2005 Game Hall of Fame: Part two
In the first part of our annual Game Hall of Fame, five games—Chessmaster 9000, Close Combat: First to Fight, Cosmo Bots, Doom 3, and Jammin’ Racer—took their place among the immortals in our Pittsfield, Massachusetts, shrine to great games. In this installment, we induct five more products that stood out from the rest crowd this past year. Our honorees include the final installment in a 13-year-long saga, a great way to use the Force, the triumphant return of the Sims, a marvelous massively multiplayer online game, and an oversized trackball that will bring back happy memories of all those misspent hours at your local arcade.
Best end to a series
Myst V: End of Ages ( Ubisoft, $60),
What it is: The final installment of the game series that revolutionized graphical adventure gaming.
Who it’s for: Myst enthusiasts, and fans of puzzle-based adventure games.
Why it’s a Hall of Famer: Non-violent and intensely challenging, Myst V tests your mind rather than your reflexes. It may not be everyone's cup of tea, but Myst V does, depending on your actions, provide you with a satisfying end to a game series that goes back more than a decade: You must help save the D’ni civilization once and for all.
Best use of the Force
Star Wars Battlefront ( Aspyr Media, $50),
What it is: An arena-style action game set in the Star Wars universe.
Who it’s for: Star Wars enthusiasts, and those looking for another game like Battlefield 1942.
Why it’s a Hall of Famer: Drawing on the rich mythology of all six Star Wars films, Star Wars Battlefront takes scenes, characters, and technologies that you’re already familiar with and adds arena-style battle action. You can even fly TIE Fighters and X-Wings around.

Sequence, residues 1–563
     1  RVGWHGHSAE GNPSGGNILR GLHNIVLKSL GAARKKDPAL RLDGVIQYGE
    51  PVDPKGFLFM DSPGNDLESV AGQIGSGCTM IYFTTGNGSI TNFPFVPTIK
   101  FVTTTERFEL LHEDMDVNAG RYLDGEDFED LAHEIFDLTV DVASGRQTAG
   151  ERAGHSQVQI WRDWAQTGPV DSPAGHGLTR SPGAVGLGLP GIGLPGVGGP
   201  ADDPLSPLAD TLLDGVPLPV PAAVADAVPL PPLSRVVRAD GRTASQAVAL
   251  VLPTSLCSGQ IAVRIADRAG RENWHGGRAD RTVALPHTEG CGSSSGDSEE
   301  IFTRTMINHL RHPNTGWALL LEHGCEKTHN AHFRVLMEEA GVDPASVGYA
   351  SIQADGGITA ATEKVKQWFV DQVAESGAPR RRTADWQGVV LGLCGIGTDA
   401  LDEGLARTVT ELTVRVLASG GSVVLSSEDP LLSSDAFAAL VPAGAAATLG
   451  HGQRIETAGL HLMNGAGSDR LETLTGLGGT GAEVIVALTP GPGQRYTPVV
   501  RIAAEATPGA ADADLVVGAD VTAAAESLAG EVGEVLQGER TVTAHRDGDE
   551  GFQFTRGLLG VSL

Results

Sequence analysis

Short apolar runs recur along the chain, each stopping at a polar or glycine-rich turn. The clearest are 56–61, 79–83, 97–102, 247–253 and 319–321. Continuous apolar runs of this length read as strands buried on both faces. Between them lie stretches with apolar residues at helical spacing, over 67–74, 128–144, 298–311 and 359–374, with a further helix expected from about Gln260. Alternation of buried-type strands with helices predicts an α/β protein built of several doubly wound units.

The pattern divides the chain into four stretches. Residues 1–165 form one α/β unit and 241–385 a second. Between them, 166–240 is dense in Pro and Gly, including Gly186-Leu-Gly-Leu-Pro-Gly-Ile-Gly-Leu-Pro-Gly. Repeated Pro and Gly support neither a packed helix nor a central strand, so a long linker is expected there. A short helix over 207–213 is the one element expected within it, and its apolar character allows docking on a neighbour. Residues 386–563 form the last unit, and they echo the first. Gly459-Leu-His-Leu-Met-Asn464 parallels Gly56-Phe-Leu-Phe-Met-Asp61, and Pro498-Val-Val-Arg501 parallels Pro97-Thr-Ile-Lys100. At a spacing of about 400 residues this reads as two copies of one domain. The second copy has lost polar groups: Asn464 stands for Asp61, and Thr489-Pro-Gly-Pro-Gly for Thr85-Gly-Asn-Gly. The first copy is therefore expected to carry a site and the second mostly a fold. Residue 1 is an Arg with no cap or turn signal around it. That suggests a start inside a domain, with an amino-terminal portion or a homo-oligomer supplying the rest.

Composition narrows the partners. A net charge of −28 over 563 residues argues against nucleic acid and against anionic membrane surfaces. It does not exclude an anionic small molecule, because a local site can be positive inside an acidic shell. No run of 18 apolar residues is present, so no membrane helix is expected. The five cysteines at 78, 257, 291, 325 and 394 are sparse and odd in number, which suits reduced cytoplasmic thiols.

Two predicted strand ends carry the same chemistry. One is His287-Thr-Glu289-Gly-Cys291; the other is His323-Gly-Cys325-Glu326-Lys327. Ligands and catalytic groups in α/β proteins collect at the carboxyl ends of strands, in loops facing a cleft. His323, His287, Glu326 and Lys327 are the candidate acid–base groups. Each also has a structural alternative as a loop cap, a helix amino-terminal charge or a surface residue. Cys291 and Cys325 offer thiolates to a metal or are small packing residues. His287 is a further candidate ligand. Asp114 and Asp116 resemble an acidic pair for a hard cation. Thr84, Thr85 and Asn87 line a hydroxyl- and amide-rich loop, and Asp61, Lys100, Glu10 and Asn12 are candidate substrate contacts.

Best example of art imitating life
The Sims 2 ( Aspyr Media, $50),
What it is: The sequel to the most popular computer game of all time, in which you take control of Sims, make friends, find careers, raise families, decorate homes and more.
Who it’s for: Gamers who want to control virtual people.
Why it’s a Hall of Famer: How do you top the biggest game ever? If you’re the makers of The Sims 2, you incorporate a sophisticated new 3-D engine that features some of the most sophisticated graphics ever seen in a Mac game, Doom 3 nothwithstanding. Add a genetics feature that makes it possible for you to affect entire generations of Sims. Add even more challenges, too.
Best long-term investment
World of Warcraft ( Blizzard Entertainment, $50 plus monthly fee)),
What it is: A massively multiplayer online role-playing game for Mac OS X and Windows.
Who it’s for: Gamers who don't mind losing hours, days or weeks exploring a vast online kingdom chock full of deadly monsters and rare treasure.
Why it’s a Hall of Famer: Few MMORPGs ever make it to the Mac at all, but World of Warcraft has. And like other Blizzard releases, it’s been a Mac and PC game since the day it launched. Add to that gorgeous graphics, lots of quests and adventures to go on, thousands of other players sharing the experience with you, and an expansion pack due out in 2006, and you’ve got a game that you can (and will) play long after the luster might have worn off a lesser title.
Best absurdly enormous trackball
X-Arcade Trackball ( XGaming, $99),
What it is: A 15-pound trackball built just like the ones you find in arcades.
Who it’s for: Old-school gaming enthusiasts, especially those who have collections of emulated games they’d like to play with a realistic controller.
Why it’s a Hall of Famer: For arcade fans, the X-Arcade Trackball is unlike anything else on the market. It’s built like an armored car, is as wide as a keyboard and weighs 15 pounds. The trackball features three big buttons (on the left and the right) like the ones you’d find on an arcade game, with more big pinball-style buttons on either side.